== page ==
The audience was very attentive and enthusiastic. More than 50 people attended our session. Everything went well until Murphy dropped in. Because of a broken socket we had problems with the power supply.
At the end of the presentation and also afterwards we got a lot of positive feedback: nice presentation, great idea, you should bring it out, … ! Well, we will make it available as soon as possible.
It really was a great experience to present on ODTUG!
For those who attended our session, we hope you enjoyed the presentation!
People who weren’t at ODTUG can download the paper and the presentation from our company website www.iadvise.be.
CU at OOW!
Today I had the opportunity to attend loads of interesting sessions as well, the tips & tricks I’ve picked up regarding ADF, SCM, OWB, JDeveloper.
Some of these tips are very obvious, but worth reminding ;o)
Tips & Tricks when building applications (with JDeveloper):
- Use 1 source control system, preferably Subversion ;o)
- For Continuous integration you can use maven/ant which is tightly integrated, supported within Jdeveloper
- Use Unit Testing througout your project phases, you can use our QA-tool for APEX-development and use JUnit, HTTPUnit, … for JEE based web development such as ADF Faces
- Define a seperate lib-directory to handle the external libraries you’re using within Jdeveloper, so you’re able to version them efficiently and to manage your dependancies
- Watch out when you’re refactoring BC4J or ADF applications, because configuration files, pageDefinition files aren’t refactored completely
Tips & Tricks on versioning in Jdeveloper 11g:
- SCM can be any versioning system such as Subversion and CSV (supported by default), clearcase, serena, …
- You have the possibility to create a repository within Jdeveloper 11g but this is for development purposes only and not well documented either, so no best practice
- When you check in your project at a certain child-level, say for example the ViewController-project, Jdeveloper will automatically start from the root level (commit the whole working directory) and drill down to only commit those files that have been changed.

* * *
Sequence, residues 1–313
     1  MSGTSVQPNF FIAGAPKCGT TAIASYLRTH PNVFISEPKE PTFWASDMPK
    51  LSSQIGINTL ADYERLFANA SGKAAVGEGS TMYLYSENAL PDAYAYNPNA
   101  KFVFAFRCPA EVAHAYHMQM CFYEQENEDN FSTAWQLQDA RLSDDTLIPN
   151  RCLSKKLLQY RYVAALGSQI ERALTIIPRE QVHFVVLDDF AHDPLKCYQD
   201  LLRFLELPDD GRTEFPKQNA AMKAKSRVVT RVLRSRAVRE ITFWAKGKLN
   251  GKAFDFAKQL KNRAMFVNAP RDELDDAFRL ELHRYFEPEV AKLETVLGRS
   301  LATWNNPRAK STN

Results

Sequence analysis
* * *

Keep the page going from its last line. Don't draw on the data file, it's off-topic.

- Version at application level
- Define files you want to exclude from being versioned
- The conflict-resolution is xml-aware which is a great future because most of the time you would be changing configuration files that are defined in XML
A term that will pop-up more and more ‘CLOUD Computing’ or ‘CLOUDS’ … another paradigm ;o)
This just means that clouds are up in the sky, floating around and the IT-world these clouds would hold different services made available to the outside world.
The services would be put inside the cloud to open up business, to start integrating … in other words now the sky has definitly become the limit!
Yesterday evening the ODTUG team had arranged a reception for the speakers and ambassadors in the Sheraton hotel where all activity is taking place.
The meet-up was great and I could attend also as being the ambassador for 2 of my colleagues Karen Van Hellemont and Jan Huyzentruyt who gave a presentation regarding the QA-tool our Apex Core Team has build for developing quality-proof Apex Applications.
We had the opportunity to meet up with European Colleagues and ACE Directors whilst having great cocktails, which spiced up the conversations ;o)
Frans Thamura, Mauricio Naranjo, Basheer Khan, Ameed Taylor, … were some of the different ACE’s I was able to meet-up with on the reception, and we had some great discussions ;o) More or less Oracle related, hobby related in some sort, … it was fun and I’m very grateful this reception was organized to be able to meet all presenters and ambassadors.
In the next article you will get to see how an ambassador looks like ;o))
The tips & tricks I’ve learned so far at different ODTUG sessions I’ve attended:
When you’re thinking about moving to fusion middleware:
- Use a small subset of tools, no big bang approach: ADF + BC + BPEL
- ADF Faces is still evolving, so you need to consider the rewrite that’s needed when using Faces as your UI
- Use templates to introduce a common look-and-feel by using af:region-tags which will centralize the layout so you don’t need to go through each page when layout changes
- Use Enterprise Business Objects, EBO’s, as they are being used in AIA, one common business object that will be the facade-layer between your web layer and model layer
- Use Grid Control to monitor your fusion-based applications
- Set up datasources and pooling on the Application Server not on Application Tier
- Prevent SQL-Injection by using bind variables
- Use black- and white-lists for defining the security-rules and do’s and donts of your application
- Don’t define nested roles when defining security in ADF Applications, use flat structures because not all JEE Servers support nested roles
More high-level, pragmatic:
- Concentrate on business drivers, not on technology: on the ‘what’ not the ‘how’
- Business Services are your hub, not the database anymore
A great paradigm Basheer Khan uses:
When your moving to a new home you will tap into existing services such as electricity, phone, internet, cable-tv, water, … => this is the same approach that you will be using when moving to SOA. You will tap into existing services.